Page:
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Soybean Adhesives

SpecialChem / Edward Petrie – Jan 13, 2010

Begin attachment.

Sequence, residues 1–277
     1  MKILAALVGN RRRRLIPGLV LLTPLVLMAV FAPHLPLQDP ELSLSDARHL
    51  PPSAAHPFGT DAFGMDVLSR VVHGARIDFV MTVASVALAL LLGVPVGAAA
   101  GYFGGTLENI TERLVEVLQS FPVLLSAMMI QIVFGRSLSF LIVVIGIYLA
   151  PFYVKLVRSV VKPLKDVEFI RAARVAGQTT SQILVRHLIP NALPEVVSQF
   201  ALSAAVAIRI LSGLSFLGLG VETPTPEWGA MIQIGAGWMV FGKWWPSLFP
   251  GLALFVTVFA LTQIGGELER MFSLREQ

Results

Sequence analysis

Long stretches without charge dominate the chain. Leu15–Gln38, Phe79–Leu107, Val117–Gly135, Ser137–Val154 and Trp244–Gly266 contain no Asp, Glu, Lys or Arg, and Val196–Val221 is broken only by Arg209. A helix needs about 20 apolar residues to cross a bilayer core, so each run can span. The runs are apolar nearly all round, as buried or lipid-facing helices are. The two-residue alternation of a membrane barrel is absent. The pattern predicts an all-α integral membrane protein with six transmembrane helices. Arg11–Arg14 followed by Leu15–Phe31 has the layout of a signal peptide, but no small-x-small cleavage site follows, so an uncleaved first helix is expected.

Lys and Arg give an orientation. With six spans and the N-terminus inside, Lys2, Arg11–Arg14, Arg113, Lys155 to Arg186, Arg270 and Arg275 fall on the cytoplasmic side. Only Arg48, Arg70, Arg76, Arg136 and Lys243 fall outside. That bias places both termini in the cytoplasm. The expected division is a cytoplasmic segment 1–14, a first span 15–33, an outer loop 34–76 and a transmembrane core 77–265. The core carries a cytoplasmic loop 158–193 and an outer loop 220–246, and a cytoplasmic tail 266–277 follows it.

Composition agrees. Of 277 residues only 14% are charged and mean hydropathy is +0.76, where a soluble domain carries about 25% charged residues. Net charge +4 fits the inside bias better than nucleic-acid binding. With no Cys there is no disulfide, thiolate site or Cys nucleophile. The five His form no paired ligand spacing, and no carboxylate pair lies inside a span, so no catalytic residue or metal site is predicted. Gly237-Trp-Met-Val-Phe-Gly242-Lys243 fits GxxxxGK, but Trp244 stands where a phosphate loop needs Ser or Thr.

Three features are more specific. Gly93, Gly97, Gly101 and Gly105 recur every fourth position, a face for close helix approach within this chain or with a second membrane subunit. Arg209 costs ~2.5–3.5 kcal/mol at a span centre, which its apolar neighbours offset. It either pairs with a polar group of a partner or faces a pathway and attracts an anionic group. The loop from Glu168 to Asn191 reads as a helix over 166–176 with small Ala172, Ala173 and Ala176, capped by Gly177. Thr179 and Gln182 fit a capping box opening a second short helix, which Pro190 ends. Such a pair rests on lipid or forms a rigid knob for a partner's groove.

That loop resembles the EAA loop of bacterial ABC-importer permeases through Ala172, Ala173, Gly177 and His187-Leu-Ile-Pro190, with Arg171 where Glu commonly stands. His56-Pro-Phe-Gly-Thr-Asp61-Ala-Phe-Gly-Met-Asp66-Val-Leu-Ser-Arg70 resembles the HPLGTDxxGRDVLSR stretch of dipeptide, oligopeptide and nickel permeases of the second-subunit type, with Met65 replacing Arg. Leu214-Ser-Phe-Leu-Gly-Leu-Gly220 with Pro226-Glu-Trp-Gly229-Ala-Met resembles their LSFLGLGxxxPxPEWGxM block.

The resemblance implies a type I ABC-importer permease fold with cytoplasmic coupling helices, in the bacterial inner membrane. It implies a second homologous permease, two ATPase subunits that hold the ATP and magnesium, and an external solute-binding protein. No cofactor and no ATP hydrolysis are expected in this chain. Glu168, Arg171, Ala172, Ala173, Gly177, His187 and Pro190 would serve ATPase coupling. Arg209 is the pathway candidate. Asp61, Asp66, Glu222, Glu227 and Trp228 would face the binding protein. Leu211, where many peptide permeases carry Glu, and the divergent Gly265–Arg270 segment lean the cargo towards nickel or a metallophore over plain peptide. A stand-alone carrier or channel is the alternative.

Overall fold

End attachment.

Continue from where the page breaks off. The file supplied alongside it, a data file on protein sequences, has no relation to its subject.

This article will focus on the use of soybean proteins in adhesive systems. The major market opportunity is as a wood adhesive or as a binder in the manufacture of wood composites in the construction industry. Currently much attention is being paid to soybean adhesives because of its natural (non-petroleum) origins, low cost, and environmental friendliness. Many types of plants can be used to produce raw materials that can be modified for adhesive applications. These include soy, corn, castor, wood (tall), sunflower, peanut, rapeseed, palm, and other plants. Raw materials that are most prevalent in the adhesives industry are solid proteins and oils. The use of soybean derived oils as building blocks for monomers and polymers, principally polyols for urethane adhesive, has also been the subject of previous SpecialChem articles. Soybean adhesives were originally developed in 1923. However, their application has been moderated by the use of petroleum based adhesives.

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